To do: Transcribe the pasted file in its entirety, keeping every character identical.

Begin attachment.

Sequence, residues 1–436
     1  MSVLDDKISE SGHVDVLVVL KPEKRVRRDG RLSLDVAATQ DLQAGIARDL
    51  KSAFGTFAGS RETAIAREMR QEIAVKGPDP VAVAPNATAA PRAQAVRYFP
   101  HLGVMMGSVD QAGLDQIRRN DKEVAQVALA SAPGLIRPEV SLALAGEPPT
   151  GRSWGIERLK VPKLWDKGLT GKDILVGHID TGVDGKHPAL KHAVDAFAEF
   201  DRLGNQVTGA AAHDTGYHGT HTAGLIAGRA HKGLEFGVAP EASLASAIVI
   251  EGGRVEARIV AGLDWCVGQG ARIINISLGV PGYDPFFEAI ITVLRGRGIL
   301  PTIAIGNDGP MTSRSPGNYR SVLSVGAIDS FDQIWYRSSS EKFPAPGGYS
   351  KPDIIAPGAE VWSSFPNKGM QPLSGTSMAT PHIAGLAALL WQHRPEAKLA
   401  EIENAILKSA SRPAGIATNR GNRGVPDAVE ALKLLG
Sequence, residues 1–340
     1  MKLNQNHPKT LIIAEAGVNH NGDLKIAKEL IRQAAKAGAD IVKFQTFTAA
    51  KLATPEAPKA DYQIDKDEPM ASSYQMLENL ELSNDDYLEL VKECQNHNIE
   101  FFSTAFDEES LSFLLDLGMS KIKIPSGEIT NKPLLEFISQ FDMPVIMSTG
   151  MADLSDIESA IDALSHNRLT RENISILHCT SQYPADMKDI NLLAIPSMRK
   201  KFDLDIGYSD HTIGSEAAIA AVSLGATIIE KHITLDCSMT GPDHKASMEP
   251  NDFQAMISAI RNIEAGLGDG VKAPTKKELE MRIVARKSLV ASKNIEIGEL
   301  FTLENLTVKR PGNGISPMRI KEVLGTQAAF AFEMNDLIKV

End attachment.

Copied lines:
Sequence, residues 1–436
     1  MSVLDDKISE SGHVDVLVVL KPEKRVRRDG RLSLDVAATQ DLQAGIARDL
    51  KSAFGTFAGS RETAIAREMR QEIAVKGPDP VAVAPNATAA PRAQAVRYFP
   101  HLGVMMGSVD QAGLDQIRRN DKEVAQVALA SAPGLIRPEV SLALAGEPPT
   151  GRSWGIERLK VPKLWDKGLT GKDILVGHID TGVDGKHPAL KHAVDAFAEF
   201  DRLGNQVTGA AAHDTGYHGT HTAGLIAGRA HKGLEFGVAP EASLASAIVI
   251  EGGRVEARIV AGLDWCVGQG ARIINISLGV PGYDPFFEAI ITVLRGRGIL
   301  PTIAIGNDGP MTSRSPGNYR SVLSVGAIDS FDQIWYRSSS EKFPAPGGYS
   351  KPDIIAPGAE VWSSFPNKGM QPLSGTSMAT PHIAGLAALL WQHRPEAKLA
   401  EIENAILKSA SRPAGIATNR GNRGVPDAVE ALKLLG
Sequence, residues 1–340
     1  MKLNQNHPKT LIIAEAGVNH NGDLKIAKEL IRQAAKAGAD IVKFQTFTAA
    51  KLATPEAPKA DYQIDKDEPM ASSYQMLENL ELSNDDYLEL VKECQNHNIE
   101  FFSTAFDEES LSFLLDLGMS KIKIPSGEIT NKPLLEFISQ FDMPVIMSTG
   151  MADLSDIESA IDALSHNRLT RENISILHCT SQYPADMKDI NLLAIPSMRK
   201  KFDLDIGYSD HTIGSEAAIA AVSLGATIIE KHITLDCSMT GPDHKASMEP
   251  NDFQAMISAI RNIEAGLGDG VKAPTKKELE MRIVARKSLV ASKNIEIGEL
   301  FTLENLTVKR PGNGISPMRI KEVLGTQAAF AFEMNDLIKV